I was also an EXER, which now I understand it is a great clue.

Oh dear!
There probably is a difference between algae and seaweed, but I have to say I'm not 100% certain what it is.
Yikes. Just as well I wasn't going anywhere this morning. I only saw EWER at the nth moment when on the point of hitting submit. Thanks for the explanation of REVAMP supra - I didn't know that meaning but the answer couldn't be anything else. I only know DEFRA because my husband sometimes buys Country Life for me and the editorial page has definitely UNFRIENDed it. The Great Switcheroo is one of Roald Dahl's stories that's definitely not for children. I wondered if this was going to be a pangram but it was short J and Q. 28.29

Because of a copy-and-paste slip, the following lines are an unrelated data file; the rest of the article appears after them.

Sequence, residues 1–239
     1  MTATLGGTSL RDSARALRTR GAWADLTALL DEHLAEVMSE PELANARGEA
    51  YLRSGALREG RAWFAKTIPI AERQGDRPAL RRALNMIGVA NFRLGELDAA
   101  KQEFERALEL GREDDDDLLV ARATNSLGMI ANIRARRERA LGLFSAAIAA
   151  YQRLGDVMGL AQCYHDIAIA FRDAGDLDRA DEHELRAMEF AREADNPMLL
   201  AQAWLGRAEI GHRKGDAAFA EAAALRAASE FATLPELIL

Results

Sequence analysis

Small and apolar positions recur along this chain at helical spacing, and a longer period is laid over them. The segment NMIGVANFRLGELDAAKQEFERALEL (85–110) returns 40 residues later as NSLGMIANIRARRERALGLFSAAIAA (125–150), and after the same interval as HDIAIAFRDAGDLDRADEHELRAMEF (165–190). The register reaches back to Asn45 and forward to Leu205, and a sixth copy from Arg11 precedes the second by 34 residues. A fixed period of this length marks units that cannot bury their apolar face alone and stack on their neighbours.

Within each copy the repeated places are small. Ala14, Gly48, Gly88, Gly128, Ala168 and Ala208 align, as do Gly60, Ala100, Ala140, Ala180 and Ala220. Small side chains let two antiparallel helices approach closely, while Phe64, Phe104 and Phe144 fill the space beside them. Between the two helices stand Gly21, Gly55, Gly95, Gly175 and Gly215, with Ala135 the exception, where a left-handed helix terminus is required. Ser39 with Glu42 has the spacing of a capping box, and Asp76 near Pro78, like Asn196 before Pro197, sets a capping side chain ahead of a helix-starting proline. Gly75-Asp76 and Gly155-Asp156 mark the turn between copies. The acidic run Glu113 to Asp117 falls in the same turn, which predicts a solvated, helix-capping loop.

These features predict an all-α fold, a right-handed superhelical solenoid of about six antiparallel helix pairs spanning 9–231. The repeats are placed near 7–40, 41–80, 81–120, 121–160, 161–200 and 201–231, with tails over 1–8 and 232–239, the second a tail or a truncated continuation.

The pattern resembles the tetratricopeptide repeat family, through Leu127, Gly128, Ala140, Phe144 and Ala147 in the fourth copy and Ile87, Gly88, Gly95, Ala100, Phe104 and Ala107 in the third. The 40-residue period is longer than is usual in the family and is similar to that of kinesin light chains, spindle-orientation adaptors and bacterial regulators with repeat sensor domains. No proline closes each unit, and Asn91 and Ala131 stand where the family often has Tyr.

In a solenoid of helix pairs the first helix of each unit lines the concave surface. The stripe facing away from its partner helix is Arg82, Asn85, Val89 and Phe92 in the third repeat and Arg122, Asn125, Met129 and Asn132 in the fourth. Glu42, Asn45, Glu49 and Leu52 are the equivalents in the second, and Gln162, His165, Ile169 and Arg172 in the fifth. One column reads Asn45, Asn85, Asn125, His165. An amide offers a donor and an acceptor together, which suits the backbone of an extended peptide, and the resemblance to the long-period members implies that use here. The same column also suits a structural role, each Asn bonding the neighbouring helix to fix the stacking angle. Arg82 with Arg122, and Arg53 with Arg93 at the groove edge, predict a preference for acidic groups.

P.S. In your intro Verlaine you mean 17A not D.
PPS (if I can do that to someone else's PS) in your intro Verlaine you also mean 24 & 26 A not D. In the explanations OSLO should be 25D.

verlaine

4 months ago

84801442

4 months ago

Good puzzle, apart from DEFRA, which I thought, as our American cousins might say, was pants.
You thought it was a pair of trousers?

vinyl1

4 months ago